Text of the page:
Growing support for certified Bird-Friendly coffee is starting to make a difference: Today, more than 37,000 acres of certified Bird-Friendly coffee farms in 11 countries produce 34 million pounds of coffee.”
The pandemic forced a massive remote-work experiment. Now comes the hard part (from CNN): “No matter what the approach, workers and employers can expect to hit a few bumps in the road as they navigate the next phase of this grand work experiment.
“Many companies succeeded working remotely in 2020 largely because everyone was doing it — there was no built-in preference for office workers or stigma against remote workers,” said Andrew Hewitt, senior analyst at market research firm Forrester. “Hybrid is going to make managing this difference harder.””
Climate Activist Spends 589 Days And Counting Picking Up Litter In Calif. Park (from NPR): “After spending 589 consecutive days picking up litter at one of Los Angeles County’s most popular hiking spots, 20-year-old Edgar McGregor says the park is clean of municipal waste. But his job is far from over.
The climate activist, who says he has autism, made the trip to Eaton Canyon — part of the Angeles National Forest in southern California — throughout the pandemic and in extreme weather, picking up litter left behind by visitors and posting his progress on social media.
He announced on Friday that there was no more trash to be found, but that he plans to return several times a week for maintenance while also turning his attention to new parks.”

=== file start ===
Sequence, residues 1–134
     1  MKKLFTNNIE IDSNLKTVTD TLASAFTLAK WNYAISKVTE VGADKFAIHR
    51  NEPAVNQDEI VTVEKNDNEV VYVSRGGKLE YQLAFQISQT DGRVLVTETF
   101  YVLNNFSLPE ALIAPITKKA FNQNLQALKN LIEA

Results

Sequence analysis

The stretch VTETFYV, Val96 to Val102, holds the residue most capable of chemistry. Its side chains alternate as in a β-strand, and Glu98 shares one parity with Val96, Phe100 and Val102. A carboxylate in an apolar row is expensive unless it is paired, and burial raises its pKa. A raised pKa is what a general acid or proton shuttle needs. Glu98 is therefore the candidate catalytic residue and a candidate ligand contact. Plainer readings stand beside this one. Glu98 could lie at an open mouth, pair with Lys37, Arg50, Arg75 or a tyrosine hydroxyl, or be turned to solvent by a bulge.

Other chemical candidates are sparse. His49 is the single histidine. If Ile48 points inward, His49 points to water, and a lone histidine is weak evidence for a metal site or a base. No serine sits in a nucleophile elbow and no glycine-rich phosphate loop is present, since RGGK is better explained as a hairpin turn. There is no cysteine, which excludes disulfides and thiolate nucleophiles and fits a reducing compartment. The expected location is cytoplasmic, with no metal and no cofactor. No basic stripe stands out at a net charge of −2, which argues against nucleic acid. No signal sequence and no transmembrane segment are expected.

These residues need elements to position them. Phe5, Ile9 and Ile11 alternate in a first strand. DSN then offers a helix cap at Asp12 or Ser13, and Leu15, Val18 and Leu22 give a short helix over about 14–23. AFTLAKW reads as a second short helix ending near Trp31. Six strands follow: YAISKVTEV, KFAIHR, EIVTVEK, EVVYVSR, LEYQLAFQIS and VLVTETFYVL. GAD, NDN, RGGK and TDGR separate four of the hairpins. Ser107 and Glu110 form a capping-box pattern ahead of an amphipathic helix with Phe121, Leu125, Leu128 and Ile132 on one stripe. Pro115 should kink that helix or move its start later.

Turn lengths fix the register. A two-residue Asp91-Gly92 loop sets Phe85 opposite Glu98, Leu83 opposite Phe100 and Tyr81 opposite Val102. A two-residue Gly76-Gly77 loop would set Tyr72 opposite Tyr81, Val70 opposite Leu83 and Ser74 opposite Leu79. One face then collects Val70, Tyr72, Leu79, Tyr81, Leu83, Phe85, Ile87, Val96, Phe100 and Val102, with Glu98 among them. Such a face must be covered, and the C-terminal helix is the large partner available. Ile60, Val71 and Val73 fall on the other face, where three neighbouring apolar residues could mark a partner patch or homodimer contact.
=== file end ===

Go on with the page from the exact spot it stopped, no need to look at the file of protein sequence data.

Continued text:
Climate Change Will Accelerate Earth’s Sixth Mass Extinction (from Smithsonian Magazine): “Finnegan’s group used the fossil histories of six groups of marine animals—bivalves, gastropods, sea urchins, sharks, mammals and stony corals—to determine which kinds of animals were inherently more likely to disappear, or the intrinsic risk of extinction. Similar groups of species tend to have similar patterns of extinction, Finnegan notes, which makes fossil studies such as this one possible. They team also analyzed the geographic locations where such extinctions were more likely to occur.
The researchers then overlaid their map of intrinsic extinctions with data on today’s human impacts and climate change to determine probable hotspots of species loss. They found that coastal species will be especially at risk near the tropics, including the Indo-Pacific, the Caribbean and the Gulf of Mexico.”
What crocodile mummies can tell us about everyday life in ancient Egypt (from Berkeley News): “Lucarelli says the mummies were likely used as votive offerings to the crocodile gods, given as a way to gain good favor with the giant, deadly reptiles.
The main crocodile god was called Sobek, but there were many crocodile deities in antiquity. In Tebtunis, there was a temple to Sobek marking the center of town.”